While I would like to say that this edition is purely a celebration of a wonderful program that has helped student learning and given students unforgettable experiences, that is not the case. I must admit that this issue is as much of a plea for protection and a reminder of why it is important to be outside, as it is a sharing of great experiences from that program. Why is this sort of plea needed in the first place? Budget cuts! We all seem to be feeling the pinch from budget cuts these days. It doesn’t really matter if you work in the public or the private sector any more, budget cuts seem to be affecting us all and Sierra College is no exception.
The college has been asked repeatedly to cut courses. In fact we have had to cut so many courses that we have needed to create guidelines as to which courses to cut first and which to cut last. Unfortunately, since few people seem to understand the important effect on student learning field courses can have, these courses are listed as the ones to cut first. In the last year alone we have cut over 6 of these courses from what was already a “bare bones” schedule. Outside of those who participate in field courses, there are few who really truly comprehend the value of these classes and often only see them as personal enrichment courses.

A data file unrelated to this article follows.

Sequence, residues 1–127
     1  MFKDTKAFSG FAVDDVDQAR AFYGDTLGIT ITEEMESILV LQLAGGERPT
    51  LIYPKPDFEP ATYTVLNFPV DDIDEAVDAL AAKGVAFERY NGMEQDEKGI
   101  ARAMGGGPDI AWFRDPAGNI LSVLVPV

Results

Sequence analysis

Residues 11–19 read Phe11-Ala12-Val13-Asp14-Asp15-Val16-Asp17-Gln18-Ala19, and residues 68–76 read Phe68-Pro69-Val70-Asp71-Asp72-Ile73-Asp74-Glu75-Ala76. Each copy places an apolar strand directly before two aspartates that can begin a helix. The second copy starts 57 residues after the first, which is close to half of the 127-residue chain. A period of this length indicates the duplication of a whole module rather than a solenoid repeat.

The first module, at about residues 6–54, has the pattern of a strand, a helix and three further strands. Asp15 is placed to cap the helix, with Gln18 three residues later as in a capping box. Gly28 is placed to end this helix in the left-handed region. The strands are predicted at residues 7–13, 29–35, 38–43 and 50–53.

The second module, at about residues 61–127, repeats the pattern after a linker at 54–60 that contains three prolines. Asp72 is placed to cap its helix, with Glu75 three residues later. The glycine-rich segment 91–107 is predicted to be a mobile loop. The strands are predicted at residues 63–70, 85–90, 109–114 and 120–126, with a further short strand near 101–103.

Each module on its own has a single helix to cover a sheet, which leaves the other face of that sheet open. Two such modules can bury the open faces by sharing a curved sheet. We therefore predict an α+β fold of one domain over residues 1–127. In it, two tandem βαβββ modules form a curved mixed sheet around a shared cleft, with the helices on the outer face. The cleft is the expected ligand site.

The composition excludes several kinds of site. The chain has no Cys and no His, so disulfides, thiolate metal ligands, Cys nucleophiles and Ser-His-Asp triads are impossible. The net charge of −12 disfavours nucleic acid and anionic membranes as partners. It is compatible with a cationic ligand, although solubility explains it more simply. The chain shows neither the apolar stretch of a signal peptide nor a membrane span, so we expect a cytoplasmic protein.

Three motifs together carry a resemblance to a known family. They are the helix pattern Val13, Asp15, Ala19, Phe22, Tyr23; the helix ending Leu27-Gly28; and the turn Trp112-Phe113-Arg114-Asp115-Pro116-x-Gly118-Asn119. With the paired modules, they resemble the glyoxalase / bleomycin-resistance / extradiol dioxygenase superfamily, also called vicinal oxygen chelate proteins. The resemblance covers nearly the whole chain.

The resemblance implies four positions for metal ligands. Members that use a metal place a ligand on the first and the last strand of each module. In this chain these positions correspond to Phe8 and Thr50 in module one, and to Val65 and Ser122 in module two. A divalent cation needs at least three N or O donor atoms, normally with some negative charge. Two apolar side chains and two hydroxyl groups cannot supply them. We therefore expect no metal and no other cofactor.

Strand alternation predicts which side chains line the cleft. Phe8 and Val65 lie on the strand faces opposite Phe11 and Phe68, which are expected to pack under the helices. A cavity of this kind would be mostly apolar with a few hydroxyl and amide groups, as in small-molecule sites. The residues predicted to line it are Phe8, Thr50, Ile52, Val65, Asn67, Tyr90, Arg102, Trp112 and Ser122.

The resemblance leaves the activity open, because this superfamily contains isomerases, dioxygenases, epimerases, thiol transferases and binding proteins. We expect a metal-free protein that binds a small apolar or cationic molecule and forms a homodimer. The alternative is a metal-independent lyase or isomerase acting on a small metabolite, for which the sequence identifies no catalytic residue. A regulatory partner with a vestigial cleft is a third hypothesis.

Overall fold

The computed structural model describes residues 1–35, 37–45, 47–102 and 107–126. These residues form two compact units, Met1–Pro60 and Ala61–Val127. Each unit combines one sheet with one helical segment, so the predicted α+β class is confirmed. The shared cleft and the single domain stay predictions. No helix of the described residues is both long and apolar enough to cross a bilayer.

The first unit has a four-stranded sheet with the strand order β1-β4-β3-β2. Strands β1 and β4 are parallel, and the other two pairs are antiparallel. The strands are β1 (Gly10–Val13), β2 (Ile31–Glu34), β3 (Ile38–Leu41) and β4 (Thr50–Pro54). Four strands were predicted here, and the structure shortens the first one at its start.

To demonstrate the real value of field courses we have an article by David Wyatt entitled “Why Keep Field Programs” which illustrates, using actual data, how student success is improved when a field component is added to a class. Joe Medeiros contributes another article to the Journal with his article entitled “Field Trippin’” which discusses how field courses are important in shaping our worldview. In his second contribution to this edition Jim Wilson has written an article entitled “The Importance of Field Studies” which lists out all of the benefits of that program.
Go play outside!
Finally, I have contributed an article entitled “Go Play Outside” which conveys, hopefully, my worries that I have that we are loosing touch with the natural world because it seems that children only go outside anymore to do structured activities.
Think back to your fondest childhood memories and I would wager that many of them involve being outside. Whether it is a memory of camping, hiking, playing in a creek, playing a pick-up game or just a family picnic, many fond memories come from being outside. The picture on this page is of my children coming back down from the Mist Trail in Yosemite. It was a spur of the moment trip. Just the kids and I, their dad was out of town with some friends. I had never taken the kids out of town for a weekend without their dad before and I was worried that I wouldn’t be able to handle both of them. Yet, as we walked down that trail, I looked ahead at my kids, spontaneously walking hand-in-hand, I realized that, at that moment, I was experiencing what would become one of the most beautiful memories that I will ever have.
Nearly all of my favorite memories are from being outside which is why I feel so strongly that the field course experience must be preserved. I know that during these times of belt tightening that we must all do our part but perhaps some of us shouldn’t have to tighten our belts so much more than others. Field courses improve student success, shape lives and create memories that last a lifetime.
Keely Carroll, Executive Editor